More recently, the confusion between the fact and fiction of stem cell therapy has resulted in multiple private companies and lobbyists trying to bring the flux of ‘stem cell tourists’ back to the US and Europe, by attempting to subvert local regulation regarding stem cell use. An emblematic case happened in Texas in 2011, when Governor Rick Perry supported the loosening of stem cell legislation. By categorising stem cell therapies as tissue transplants instead of biological drugs, the new state rules allowed several companies to bypass the federal law requirement for clinical trials before treating patients. Perry himself became the first patient of one of these companies, Celltex, and was hence accused of having a conflict of interest, despite not being a shareholder. The new regulation led to a legal dispute that eventually halted most of these procedures and stirred a polarising public debate, where the understandable emotional considerations of patients claiming their right to decide their own treatment quickly overwhelmed legal and scientific arguments.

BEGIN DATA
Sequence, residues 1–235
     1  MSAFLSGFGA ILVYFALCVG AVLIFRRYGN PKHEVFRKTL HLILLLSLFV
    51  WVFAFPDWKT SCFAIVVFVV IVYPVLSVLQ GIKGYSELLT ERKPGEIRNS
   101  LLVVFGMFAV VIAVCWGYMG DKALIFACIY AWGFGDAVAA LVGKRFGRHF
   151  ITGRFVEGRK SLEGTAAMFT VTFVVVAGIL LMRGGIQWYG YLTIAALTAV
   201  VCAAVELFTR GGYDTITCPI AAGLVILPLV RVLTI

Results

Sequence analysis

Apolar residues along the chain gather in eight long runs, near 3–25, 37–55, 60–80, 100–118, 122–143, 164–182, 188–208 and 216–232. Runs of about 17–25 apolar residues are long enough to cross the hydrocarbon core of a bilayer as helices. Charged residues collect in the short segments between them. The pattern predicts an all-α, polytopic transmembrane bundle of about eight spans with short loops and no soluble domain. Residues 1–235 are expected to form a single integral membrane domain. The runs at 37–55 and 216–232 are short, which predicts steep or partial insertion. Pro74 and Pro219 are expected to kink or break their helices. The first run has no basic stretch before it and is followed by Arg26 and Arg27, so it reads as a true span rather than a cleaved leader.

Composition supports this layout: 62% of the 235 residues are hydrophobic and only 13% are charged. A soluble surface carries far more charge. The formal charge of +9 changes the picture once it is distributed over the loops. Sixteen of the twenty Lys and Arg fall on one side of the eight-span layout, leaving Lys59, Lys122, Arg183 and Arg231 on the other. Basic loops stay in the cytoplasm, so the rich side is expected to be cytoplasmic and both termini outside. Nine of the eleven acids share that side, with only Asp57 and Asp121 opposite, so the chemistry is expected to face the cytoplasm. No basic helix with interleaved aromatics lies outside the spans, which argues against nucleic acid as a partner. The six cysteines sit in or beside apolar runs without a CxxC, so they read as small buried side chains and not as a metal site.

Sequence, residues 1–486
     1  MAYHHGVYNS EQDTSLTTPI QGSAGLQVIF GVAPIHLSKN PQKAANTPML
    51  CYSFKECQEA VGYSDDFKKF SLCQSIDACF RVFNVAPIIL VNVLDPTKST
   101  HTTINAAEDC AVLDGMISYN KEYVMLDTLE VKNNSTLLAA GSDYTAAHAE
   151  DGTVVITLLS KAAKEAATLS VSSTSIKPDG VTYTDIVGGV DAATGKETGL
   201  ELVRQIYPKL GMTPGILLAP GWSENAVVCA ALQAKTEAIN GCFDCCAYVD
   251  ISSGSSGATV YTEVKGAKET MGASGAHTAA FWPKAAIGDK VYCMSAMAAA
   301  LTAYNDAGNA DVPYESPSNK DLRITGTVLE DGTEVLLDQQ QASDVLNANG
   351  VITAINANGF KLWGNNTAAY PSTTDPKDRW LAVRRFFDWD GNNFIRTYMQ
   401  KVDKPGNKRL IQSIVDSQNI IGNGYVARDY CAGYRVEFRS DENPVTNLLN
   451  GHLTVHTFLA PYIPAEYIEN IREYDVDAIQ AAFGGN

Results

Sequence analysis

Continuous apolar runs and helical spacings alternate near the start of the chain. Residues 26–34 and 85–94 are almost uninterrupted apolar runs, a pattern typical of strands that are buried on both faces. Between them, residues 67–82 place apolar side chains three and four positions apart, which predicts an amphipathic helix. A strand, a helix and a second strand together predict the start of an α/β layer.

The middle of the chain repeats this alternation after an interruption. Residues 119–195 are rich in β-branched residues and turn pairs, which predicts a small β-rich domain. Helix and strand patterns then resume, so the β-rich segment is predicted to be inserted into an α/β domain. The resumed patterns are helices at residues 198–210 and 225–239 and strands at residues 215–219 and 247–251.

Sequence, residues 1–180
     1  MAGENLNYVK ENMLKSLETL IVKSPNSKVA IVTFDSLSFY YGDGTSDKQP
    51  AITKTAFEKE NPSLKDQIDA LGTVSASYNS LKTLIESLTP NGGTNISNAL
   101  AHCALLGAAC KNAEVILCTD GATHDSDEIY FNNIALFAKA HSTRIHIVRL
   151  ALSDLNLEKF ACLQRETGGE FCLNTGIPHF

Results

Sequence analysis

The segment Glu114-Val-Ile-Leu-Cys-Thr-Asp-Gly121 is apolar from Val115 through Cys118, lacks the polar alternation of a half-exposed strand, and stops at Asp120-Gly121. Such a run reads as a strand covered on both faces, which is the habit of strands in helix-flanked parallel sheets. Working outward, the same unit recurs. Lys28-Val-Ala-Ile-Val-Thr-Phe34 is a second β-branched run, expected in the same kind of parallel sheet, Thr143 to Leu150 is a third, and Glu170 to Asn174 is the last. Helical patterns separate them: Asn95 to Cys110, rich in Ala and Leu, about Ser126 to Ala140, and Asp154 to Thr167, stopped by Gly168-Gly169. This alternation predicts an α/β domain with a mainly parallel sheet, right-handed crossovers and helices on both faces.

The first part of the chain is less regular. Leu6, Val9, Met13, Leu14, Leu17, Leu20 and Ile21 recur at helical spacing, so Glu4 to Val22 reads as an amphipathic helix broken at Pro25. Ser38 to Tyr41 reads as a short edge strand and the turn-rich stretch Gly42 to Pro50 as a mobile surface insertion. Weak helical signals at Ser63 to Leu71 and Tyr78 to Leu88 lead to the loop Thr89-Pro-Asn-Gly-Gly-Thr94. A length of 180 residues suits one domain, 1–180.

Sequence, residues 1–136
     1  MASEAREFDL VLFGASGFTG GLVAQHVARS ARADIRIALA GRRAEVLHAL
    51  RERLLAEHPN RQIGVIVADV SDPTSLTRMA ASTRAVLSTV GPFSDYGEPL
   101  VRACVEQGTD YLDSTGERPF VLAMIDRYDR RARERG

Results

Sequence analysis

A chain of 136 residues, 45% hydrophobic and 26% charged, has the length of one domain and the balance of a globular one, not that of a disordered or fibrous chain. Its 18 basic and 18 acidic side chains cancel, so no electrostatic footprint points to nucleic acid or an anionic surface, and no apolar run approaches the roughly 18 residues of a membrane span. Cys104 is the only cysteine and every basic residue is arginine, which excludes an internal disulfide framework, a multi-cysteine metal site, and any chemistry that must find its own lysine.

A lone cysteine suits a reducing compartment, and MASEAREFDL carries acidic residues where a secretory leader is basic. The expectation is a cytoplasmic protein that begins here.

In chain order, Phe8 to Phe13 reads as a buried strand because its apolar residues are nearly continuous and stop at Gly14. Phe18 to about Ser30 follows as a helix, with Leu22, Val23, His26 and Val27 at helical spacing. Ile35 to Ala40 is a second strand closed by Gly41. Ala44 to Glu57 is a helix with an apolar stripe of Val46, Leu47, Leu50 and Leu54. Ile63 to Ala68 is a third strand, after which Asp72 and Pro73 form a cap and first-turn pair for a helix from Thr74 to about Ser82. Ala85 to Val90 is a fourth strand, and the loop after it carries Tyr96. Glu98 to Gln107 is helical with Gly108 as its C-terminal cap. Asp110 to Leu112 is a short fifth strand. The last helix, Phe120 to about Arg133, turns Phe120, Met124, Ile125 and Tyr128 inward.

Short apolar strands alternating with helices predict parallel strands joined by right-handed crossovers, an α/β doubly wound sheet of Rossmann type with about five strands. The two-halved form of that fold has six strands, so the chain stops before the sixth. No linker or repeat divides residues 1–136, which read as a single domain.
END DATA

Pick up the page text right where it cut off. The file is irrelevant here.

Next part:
A very similar scenario is happening in Italy, where the so-called ‘Stamina method’ is dividing public opinion. The procedure has been repeatedly stopped due to growing concerns regarding its safety, methodology and therapeutic rationale, but then re-authorised by sentences from local courts, backing ferocious public protests that claim the right of patients to be treated.